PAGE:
A Year in Search of Thriving Public Schools

Capturing the Spark: Inspired Teaching, Thriving Schools
By David B. Cohen
(Enactive Publishing, 2016 – Learn more)

Reviewed by Mary Langer Thompson

Tired of teacher bashing and criticism of public schools, David Cohen – a high school teacher for over 20 years and a National Board Certified one – took the 2014-15 school year to visit 70 schools up and down California where teachers are leading improvement efforts.

Cohen visited elementary, middle, and high schools of various sizes, rich and poor, in rural, urban, and suburban communities. His conclusion? “Students benefit when teachers have the ‘autonomy and opportunity to lead.’”

Although I love hearing about successful schools and their practices, I can’t help but think that Cohen is singing to the proverbial choir, especially since his visits would never qualify as scientific research. His friends recommended the schools to study and he knows many of the teachers personally. So there is already a bias before he visits (although, to be fair, he makes no claim to be doing a research study).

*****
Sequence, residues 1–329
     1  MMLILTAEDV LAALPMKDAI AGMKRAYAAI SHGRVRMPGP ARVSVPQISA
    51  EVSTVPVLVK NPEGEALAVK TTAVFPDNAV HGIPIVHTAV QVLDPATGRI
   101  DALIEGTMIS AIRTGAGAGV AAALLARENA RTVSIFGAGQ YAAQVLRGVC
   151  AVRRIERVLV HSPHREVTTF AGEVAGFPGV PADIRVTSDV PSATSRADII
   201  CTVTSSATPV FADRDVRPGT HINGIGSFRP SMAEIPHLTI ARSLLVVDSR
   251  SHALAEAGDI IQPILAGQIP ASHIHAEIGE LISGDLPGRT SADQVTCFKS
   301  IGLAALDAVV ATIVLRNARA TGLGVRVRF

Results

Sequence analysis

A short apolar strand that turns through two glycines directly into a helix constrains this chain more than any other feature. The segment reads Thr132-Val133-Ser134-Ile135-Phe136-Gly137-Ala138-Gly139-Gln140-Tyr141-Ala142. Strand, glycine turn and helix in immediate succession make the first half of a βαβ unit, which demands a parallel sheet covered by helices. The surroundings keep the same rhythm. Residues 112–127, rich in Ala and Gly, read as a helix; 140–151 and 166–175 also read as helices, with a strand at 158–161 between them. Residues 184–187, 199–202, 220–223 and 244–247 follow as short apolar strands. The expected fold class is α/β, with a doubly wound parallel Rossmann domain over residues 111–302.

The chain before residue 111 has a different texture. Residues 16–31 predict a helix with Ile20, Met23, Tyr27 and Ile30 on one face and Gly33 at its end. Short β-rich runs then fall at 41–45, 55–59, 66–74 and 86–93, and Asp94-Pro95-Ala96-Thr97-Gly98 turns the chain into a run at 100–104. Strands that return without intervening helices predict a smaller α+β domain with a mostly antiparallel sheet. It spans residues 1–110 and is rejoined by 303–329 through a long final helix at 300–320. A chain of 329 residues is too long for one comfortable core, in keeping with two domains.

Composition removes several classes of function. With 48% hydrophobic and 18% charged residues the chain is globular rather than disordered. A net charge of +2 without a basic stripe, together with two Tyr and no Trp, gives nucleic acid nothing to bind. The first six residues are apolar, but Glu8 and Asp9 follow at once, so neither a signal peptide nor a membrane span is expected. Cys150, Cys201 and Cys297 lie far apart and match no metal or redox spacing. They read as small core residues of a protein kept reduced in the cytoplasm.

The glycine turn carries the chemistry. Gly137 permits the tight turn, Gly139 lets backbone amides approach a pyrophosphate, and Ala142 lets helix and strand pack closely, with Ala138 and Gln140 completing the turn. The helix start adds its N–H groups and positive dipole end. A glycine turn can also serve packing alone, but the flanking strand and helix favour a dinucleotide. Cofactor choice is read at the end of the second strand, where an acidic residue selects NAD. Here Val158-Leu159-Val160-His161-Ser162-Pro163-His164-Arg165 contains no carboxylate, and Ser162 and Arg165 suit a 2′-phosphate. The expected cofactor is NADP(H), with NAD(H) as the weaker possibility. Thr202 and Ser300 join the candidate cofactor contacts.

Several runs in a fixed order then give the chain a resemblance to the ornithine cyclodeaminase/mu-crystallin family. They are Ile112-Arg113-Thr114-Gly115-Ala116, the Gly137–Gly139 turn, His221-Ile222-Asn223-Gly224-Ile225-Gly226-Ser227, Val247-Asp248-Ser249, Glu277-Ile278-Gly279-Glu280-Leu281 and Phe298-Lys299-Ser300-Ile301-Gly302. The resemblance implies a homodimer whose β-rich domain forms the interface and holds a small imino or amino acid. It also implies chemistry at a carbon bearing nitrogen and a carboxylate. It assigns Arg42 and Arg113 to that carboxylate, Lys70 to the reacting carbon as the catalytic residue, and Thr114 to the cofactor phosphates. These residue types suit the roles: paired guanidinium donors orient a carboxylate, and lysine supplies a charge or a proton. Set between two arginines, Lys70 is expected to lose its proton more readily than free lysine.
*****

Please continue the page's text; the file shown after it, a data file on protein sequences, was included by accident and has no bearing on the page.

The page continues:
The effects of school selection

Cohen does go into some “poor” schools, but the majority seem to be in middle-to-high income areas, and the visits are short. He goes to his own elementary school and comments on the difference in the ethnic makeup now, but I think the majority of schools up and down the state are now ethnically mixed.

He’s impressed with the pre-school and elementary student enthusiasm and comments on strategies, student comments, and teacher enthusiasm, but most of all how the teachers he saw seem to love their schools and students.

As someone who has visited many schools in California – as a teacher, WASC (Western Association of Schools and Colleges) evaluator, teacher-trainer, assistant principal, and principal – I think that if one set his or her mind to it, one could find as many ineffective, even shocking schools and practices, and teachers who don’t care. Kids, especially secondary ones, tell parents about teachers like these, and that’s what sends them looking for charter and private schools if they can afford them.